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Don’t deny me my disability, dignity and equal opportunity

When non-disabled people hear disabled people exclaiming, “Do not pity us,” what they actually hear is, “Treat us like able-bodied people.” And therein lies the problem. Why are able-bodied standards being universally upheld as a measure of human worth?

Personally, I have no interest in denying my embodied difference because, were it not for my disability, I would not be the person I am today. Not in spite of, but because of my disability, I have achieved extraordinary things.

I have just returned from Canada where I carried out my undergraduate studies, graduating with high distinction. Since the age of 19, I have participated in meetings alongside world leaders, advocating for social and economic justice. I now work for Amnesty International in the Johannesburg regional office as the youth engagement and activism co-ordinator for Africa, and I am only 24 years old.

Notwithstanding my professional success, I continue to be on the receiving end of social stigma and bigotry because of my physical disability. No matter how hard one tries, success cannot shield one from the devastation of structural inequality.

I cannot tell you how many times I have been denied access to public spaces because our built environment is seldom, if ever, designed with disability in mind. For people with disabilities, our exclusion in society is pervasive and systematic.

Contrary to dominant thinking, however, disability is not a source for all that is negative and traumatic. As far as I am concerned, disability is an offering to humanity that enables us as individuals to divest from that suffocating thing we call “normal”.

Accordingly, when I say to my non-disabled counterparts “do not pity me”, what I am saying is do not patronise me, do not belittle me in the name of some misplaced notion of compassion. What I am not saying is erase my disability and treat me as though my embodied difference means nothing in the context of our interaction.

What non-disabled people therefore need to do is learn how to demonstrate empathy toward disabled people.

That is not the same thing as not demonstrating pity. Because to not demonstrate pity is merely to occupy a vacuum, defaulting to a logic of able-bodied supremacy, which is rooted in the assumption that non-disabled ways of being are a prerequisite for human worth.

We see the logic of able-bodied supremacy manifest itself in everyday life. For example, in the context of organisational “commitments” to employment equity, it would seem that to show employees with disabilities support in the workplace means to treat them like their non-disabled counterparts, that is, to erase their embodied difference and act as though their individual disabilities do not exist. What winds up happening is that workplace performance continues to be defined in relation to able-bodied standards of capacity.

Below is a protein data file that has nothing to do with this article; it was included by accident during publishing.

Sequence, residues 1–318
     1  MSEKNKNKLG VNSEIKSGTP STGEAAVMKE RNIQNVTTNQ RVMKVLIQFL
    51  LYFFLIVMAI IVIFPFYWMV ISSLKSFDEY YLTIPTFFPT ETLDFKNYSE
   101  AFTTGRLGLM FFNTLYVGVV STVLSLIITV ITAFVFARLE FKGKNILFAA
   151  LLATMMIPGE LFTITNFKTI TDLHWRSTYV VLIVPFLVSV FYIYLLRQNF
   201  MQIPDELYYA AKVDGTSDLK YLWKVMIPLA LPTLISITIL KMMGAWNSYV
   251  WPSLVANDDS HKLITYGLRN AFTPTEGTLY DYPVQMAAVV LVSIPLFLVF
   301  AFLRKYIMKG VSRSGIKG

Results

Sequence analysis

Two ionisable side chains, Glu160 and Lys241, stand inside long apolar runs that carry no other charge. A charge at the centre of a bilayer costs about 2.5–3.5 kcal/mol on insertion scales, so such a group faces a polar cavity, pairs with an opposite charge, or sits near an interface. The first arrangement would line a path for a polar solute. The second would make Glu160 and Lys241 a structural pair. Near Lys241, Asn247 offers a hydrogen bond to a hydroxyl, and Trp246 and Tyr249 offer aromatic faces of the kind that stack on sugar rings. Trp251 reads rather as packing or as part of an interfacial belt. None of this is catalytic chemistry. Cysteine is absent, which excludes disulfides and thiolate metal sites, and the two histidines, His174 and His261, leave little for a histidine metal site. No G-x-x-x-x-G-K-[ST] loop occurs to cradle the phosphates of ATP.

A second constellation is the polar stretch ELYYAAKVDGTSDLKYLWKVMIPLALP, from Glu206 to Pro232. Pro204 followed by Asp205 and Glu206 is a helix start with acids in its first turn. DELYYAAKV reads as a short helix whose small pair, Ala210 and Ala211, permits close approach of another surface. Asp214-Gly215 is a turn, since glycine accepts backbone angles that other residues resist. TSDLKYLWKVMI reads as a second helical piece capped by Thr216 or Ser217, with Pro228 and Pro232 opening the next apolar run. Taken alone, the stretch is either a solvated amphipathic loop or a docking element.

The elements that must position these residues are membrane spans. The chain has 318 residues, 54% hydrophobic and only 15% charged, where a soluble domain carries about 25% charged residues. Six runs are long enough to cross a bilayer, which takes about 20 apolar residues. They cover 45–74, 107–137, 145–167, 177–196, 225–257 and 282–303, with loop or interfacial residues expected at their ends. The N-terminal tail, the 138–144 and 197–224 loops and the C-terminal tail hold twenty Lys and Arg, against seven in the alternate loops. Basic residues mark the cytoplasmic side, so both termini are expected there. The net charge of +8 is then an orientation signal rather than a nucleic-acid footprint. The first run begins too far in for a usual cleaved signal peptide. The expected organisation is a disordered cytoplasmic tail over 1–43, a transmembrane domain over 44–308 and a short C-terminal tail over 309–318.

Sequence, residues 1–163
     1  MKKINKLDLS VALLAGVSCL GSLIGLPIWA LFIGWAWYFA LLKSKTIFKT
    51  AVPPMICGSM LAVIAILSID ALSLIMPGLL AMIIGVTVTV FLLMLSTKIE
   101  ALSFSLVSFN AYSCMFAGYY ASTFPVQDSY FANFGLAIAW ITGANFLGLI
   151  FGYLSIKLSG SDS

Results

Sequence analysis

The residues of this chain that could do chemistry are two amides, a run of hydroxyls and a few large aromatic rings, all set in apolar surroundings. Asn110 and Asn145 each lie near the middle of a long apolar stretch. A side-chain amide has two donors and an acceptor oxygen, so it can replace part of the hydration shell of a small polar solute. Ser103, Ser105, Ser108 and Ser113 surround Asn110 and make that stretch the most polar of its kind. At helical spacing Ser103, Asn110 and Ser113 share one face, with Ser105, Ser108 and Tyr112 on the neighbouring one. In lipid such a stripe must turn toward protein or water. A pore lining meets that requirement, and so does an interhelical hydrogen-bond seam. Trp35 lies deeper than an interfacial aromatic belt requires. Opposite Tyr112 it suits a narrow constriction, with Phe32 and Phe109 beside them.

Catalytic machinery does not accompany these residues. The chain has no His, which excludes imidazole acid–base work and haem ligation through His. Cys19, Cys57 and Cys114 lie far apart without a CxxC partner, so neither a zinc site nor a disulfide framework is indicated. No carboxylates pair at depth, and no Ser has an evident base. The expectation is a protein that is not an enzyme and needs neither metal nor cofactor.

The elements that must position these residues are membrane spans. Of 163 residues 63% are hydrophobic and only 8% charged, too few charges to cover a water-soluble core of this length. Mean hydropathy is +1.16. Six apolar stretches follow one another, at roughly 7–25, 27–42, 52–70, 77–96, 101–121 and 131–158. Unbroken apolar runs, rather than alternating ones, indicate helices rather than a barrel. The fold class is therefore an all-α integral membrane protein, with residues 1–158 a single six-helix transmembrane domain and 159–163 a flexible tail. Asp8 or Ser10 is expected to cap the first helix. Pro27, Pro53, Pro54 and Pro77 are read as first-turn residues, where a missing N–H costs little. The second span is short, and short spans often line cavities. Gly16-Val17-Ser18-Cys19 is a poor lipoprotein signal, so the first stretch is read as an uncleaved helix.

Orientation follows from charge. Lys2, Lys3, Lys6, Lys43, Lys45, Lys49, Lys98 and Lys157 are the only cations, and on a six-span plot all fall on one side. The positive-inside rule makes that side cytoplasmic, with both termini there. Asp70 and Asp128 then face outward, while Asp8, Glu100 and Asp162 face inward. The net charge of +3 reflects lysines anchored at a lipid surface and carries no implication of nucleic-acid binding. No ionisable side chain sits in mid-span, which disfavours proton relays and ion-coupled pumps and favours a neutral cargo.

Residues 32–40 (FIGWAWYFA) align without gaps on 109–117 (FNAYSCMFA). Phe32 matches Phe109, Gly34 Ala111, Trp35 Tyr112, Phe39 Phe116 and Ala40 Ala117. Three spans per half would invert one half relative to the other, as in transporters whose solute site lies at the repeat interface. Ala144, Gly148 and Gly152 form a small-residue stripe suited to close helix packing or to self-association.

Alternative notions of capacity are therefore invalidated as legitimate forms of competence. This makes it difficult for an employee living with a physical impairment to say “no, I don’t want to type out that report using my hands because in actual fact my toes do the job better” because, to put it bluntly, toes are not validated in the workplace as perfectly acceptable for typing.

As a society made up of diverse abilities and non-abilities, we need to redefine empathy for disabled people in ways that do not confuse sincere understanding with the logic of able-bodied supremacy.

Railing against pity as a strategy to stake our claim for dignity in so-called mainstream spaces does not serve us as disability justice advocates. To make the entire argument about individual behaviour obscures the ways in which social conditioning truly operates.

By all means, feel sorry for me. Feel sorry for me in deep recognition of the fact that it must be tremendously difficult for me as a physically disabled person to negotiate my survival in a society intentionally structured around the needs of non-disabled people.

Feel sorry for me in deep recognition of the fact that it must be exhausting to fight constantly for rights that have been enshrined as inalienable in our collective consciousness, rights so taken for granted that they seem almost inconsequential in the context of postmodern society.

Feel sorry for me in deep recognition of the fact that it is able-bodied supremacy, a system we are all complicit in, and not my physical disability that stands in the way of someone like me attaining full humanity and dignity.

By all means, feel sorry for me because merely to rail against pity without promoting sound structural analysis of able-bodied supremacy is to miss the point and allow able-bodied supremacy to continue unabated.

What I am asking for is not unreasonable: dignity, human rights and equality of opportunity rest at the cornerstone of our constitutional democracy.

Edward (Eddie) Ndopu is the youth engagement and activism co-ordinator for Africa at Amnesty International, based in the Johannesburg regional office.

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